At 8:50 a.m., I stopped a taxi in western Gaza City and asked the driver to go to the airport. The driver gazed at me as I sat next to him. He said: “Which airport? Do you mean the Cairo one?” I replied: “To the Gaza airport. Go to Rafah now, please.”
Muhsin al-Balawi, the 23-year-old driver, may have been right to be extremely perplexed over my query. He had never been an airplane passenger. He was born three years before the airport opened in 1998.
After 40 minutes of driving south on Salah al-Din Road, the main thoroughfare in the Strip, we hit the end of the asphalt road. Hundreds of yards further stood the departures terminal, which was surrounded by hills made of household waste.
Everything across this 690 acres stretch of semi-desert field was lifeless. A stench from a ripped apart donkey’s corpse filled the air. I was sure I will never visit this place after dark.
This arid zone was once the first airport for Palestinians in Gaza, a step towards a dream of independent state. In 2000, during the events of the Intifada, Israel bombed the control tower, then the runway, and finally the elegant Moroccan-inspired terminals. In 2001, Israeli army bulldozers flattened what remained.
Few dare to reach this area where dozens of large bomb craters pocket the landscape, due to the Israeli bombs. Maybe one or two scavenging the field can be found milling about each week. Arriving to this area is fraught with security concerns because of proximity to Israeli military bases, which are ready to fire on any suspicion of movement in the vicinity of the airport’s ruins.
Near a fallen concrete column, Abdullah al-Qarra, 29, was collecting some rusty iron bars from the ruins of the arrival hall to sell them in a local scrap market.
“Despite I was 11 at that time, but I felt a monumental event happened during the opening ceremony of the airport, but I really cried once I visited it after it destruction.” Abdullah said.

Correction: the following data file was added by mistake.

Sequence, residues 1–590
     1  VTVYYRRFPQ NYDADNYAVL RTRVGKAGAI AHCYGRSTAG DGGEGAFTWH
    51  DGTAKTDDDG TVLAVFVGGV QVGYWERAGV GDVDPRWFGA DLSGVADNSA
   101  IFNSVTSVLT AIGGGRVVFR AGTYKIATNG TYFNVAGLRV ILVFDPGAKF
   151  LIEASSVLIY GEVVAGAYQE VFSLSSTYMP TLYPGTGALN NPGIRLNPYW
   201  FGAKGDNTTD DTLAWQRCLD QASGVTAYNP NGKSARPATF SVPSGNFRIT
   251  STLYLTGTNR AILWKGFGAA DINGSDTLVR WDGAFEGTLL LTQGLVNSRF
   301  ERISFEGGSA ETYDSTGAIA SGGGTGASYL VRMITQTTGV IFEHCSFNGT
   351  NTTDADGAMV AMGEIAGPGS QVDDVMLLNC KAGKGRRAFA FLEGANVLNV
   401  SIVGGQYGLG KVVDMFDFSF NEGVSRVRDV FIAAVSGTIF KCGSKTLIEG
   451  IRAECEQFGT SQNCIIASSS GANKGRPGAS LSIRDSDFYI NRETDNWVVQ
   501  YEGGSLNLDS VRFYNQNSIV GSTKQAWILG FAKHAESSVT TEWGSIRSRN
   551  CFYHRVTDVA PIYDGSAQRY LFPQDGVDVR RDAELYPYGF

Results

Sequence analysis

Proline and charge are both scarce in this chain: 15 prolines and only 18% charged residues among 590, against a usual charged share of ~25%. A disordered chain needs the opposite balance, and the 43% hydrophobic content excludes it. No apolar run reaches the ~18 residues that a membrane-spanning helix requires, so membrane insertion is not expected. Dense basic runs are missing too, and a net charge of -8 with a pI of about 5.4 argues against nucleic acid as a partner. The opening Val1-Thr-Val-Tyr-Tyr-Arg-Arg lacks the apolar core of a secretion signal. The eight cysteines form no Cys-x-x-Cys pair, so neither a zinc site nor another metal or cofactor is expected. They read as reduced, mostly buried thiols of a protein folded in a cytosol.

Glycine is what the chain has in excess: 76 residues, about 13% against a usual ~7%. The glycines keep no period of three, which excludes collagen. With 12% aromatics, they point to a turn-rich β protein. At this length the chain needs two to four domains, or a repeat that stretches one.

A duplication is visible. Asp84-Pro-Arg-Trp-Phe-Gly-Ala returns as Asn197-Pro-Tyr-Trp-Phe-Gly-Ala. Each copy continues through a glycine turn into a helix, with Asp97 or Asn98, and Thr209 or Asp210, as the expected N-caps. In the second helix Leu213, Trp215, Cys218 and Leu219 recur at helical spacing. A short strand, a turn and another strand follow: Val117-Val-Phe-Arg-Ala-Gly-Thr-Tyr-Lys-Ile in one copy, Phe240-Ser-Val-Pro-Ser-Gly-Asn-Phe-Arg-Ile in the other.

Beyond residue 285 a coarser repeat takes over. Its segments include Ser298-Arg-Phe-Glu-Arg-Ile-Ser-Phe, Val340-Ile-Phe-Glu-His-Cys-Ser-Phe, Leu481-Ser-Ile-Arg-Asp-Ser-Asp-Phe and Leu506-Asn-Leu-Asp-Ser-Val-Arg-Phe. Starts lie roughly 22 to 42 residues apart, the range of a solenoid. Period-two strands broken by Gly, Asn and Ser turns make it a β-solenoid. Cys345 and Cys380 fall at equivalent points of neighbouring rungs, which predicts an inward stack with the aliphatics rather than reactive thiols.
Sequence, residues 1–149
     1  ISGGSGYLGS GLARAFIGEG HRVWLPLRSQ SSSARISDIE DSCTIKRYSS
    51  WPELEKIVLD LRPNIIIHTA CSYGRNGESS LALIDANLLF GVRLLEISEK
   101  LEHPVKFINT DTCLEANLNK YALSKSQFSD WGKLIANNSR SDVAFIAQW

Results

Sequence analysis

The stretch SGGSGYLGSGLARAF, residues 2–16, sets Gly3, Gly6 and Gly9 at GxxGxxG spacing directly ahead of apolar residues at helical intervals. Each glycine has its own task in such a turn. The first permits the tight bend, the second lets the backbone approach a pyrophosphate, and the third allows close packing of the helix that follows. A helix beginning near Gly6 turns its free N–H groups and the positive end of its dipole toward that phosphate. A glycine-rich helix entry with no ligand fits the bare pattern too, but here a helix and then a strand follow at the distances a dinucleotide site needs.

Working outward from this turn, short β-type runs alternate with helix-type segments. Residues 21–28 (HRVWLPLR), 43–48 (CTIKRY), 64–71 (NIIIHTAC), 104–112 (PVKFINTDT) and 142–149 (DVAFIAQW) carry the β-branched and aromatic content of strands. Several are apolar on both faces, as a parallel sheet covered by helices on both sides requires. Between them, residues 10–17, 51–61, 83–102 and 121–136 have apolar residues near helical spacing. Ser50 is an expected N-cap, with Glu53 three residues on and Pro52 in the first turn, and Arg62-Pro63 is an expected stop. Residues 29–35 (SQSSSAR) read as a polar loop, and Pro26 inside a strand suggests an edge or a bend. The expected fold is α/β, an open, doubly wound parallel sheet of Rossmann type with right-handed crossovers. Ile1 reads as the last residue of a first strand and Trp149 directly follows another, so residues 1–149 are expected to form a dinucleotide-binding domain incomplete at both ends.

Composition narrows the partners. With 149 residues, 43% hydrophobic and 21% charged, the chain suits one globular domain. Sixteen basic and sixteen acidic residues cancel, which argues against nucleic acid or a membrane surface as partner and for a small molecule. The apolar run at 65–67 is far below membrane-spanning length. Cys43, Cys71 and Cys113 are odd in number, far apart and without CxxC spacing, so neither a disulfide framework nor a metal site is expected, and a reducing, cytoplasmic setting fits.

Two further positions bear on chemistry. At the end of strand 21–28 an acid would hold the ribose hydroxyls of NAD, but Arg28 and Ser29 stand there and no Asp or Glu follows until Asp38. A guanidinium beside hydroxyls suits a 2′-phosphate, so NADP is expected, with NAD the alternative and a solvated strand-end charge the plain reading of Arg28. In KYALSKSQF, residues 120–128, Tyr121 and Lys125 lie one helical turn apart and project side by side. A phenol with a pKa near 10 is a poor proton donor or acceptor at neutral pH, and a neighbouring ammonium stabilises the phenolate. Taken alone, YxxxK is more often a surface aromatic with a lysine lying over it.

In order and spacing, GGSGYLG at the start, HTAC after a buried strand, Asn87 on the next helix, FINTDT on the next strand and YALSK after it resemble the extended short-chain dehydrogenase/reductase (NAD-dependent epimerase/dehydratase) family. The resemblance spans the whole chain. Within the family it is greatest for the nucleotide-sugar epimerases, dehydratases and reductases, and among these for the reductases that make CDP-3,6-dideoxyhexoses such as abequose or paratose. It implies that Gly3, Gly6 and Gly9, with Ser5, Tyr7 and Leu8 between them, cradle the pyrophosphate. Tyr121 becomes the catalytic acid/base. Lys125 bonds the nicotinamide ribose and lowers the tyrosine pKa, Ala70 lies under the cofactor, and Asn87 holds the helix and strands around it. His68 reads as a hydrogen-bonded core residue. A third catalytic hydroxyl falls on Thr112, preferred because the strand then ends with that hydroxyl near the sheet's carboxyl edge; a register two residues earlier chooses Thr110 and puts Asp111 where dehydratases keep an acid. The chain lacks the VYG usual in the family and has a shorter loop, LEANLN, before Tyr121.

Abdullah, who once flew out of the airport with his father from Gaza to Riyadh when he was 14, recalls their three-hour trip. “But if I am lucky today, the same flight might take a whole day, due of the routine procedures at the Egyptian side of Rafah crossing including the trip to the Cairo airport, but this will happen only if the crossing is already open.”
Throughout 2017, the Rafah border crossing has opened for 20 days in total. Israel’s ongoing blockade, in full cooperation with Egypt, is about to enter its 11th year.
The Rafah crossing is the Gaza’s only gate to the world and was closed nine months ago. It has been reopened intermittently, as Cairo implemented a travel blockade since the summer of 2013.
Abdullah, who failed out of school in Cairo where he was studying management last year, says that Egyptian authorities impose a lot of restrictions on Gaza’s travelers. “Gaza’s passengers were forced to stop and held for several hours at military checkpoints in Sinai, before they proceeded to countless further checkpoints on their nearly 450 km trip to Cairo.”
“One time, the Egyptian military personnel at Raysa checkpoint seized my Samsung mobile phone and $200 USD, saying: ‘Oh, son of a bitch! give me that,'” Abdullah said. Raysa is a military checkpoint in el-Arish in the northern Sinai and is well-known to Gaza’s travelers who often cite waiting in long lines of cars for a very slow luggage inspection by the Egyptian army.